Do any fans or valve try to start?-- any indicator lights?

Tell us some of the obvious things, and maybe there is a clue in something you tell us or observe.

Mack B

Jan 14, 2011 | Air Conditioners

1 Answer

I'm a new plumber. I was asked to restart a burnham gas fired steam boiler in a fire damaged apartment. The boiler was drained last winter along with the radiators but was not winerized. I am their plumber...

1. You need to fill the entire system with water before you fire it, boiler AND radiators... Then, you would normally vent as much of the trapped air in the system as you could... It's not like you are only going to fill just the boiler and then pump that water through the pipes.

There is a temp setting on the boiler, but I don't think that's a solution. Remember that the water in the system is going to begin circulating as soon as you start the boiler. So, it will start circulating when it's cold, and then gradually warm up.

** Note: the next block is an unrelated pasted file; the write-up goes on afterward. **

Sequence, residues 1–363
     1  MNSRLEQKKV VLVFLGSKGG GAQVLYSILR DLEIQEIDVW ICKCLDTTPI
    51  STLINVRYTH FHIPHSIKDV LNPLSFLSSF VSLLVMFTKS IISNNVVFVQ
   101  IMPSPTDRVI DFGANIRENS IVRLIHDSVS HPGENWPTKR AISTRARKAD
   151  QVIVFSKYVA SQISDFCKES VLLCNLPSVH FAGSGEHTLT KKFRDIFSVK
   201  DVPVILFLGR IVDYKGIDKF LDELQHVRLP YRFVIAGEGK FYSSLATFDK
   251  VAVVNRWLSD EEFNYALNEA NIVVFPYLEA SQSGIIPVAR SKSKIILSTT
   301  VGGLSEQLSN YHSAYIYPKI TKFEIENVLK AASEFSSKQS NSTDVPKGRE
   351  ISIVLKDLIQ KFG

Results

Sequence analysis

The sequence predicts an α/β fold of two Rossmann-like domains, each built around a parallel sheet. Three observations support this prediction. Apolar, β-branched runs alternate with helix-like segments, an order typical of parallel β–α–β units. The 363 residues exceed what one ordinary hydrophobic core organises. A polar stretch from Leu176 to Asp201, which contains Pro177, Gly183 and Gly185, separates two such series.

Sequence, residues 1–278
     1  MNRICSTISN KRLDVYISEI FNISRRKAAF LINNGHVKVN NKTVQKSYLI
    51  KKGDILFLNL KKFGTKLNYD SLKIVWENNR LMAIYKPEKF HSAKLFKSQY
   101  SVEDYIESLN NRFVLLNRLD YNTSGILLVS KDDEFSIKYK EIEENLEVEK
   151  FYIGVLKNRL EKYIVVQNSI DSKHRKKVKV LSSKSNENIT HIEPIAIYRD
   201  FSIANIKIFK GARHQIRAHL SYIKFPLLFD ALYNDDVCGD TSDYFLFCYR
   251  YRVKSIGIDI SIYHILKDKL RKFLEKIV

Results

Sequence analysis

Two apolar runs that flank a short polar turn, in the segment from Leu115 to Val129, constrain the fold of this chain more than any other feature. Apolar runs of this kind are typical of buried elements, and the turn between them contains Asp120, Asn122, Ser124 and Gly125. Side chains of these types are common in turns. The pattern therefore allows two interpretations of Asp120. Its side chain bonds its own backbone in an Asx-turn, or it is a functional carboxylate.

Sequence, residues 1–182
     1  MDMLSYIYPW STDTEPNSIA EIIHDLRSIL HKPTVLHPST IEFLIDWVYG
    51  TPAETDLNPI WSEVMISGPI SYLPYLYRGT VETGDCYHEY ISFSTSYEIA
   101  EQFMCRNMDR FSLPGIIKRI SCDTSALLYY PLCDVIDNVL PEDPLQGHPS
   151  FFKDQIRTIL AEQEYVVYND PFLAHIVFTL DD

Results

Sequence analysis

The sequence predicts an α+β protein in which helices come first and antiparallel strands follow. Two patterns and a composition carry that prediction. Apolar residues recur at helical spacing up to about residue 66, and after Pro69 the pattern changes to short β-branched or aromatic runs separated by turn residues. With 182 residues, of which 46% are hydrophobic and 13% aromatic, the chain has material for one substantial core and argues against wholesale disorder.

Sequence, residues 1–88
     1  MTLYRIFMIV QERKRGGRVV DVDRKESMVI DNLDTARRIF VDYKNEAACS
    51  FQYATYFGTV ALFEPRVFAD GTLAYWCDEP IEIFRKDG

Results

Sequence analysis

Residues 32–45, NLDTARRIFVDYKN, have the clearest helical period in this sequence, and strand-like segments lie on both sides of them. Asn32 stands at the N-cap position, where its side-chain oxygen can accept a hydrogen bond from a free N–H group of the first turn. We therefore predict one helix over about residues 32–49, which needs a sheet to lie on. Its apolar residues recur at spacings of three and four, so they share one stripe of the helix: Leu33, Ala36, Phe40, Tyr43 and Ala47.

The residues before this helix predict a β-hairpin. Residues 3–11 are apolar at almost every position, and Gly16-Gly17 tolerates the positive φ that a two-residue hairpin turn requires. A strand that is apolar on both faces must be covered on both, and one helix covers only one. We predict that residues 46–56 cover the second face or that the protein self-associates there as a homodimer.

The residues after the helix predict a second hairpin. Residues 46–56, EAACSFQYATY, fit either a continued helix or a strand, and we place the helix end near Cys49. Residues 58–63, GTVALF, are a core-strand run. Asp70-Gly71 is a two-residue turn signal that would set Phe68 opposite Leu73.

Your problem is not the sudden rush of hot water, it's going to be filling the system in the first place, and getting the boiler started before the system freezes up ...

I don't really have any suggestions for you though, other than perhaps renting one of those construction heaters ... and bring the building temp up a bit. But there's certain dangers associated with them too... Carbon Monoxide for one, fire is another (if used improperly).

Just thought of something: Fill the system with glycol based anti-freeze solution that's designed for heating systems. That oughta do it...

I'm guessing there's not a functioning water heater either at this point, is there ? If there was, you could possibly rig something up to fill the system with lukewarm water, and fire it before it freezes up.

2. You don't have a lot of choice. You have to fill the system, fire the boiler & wait.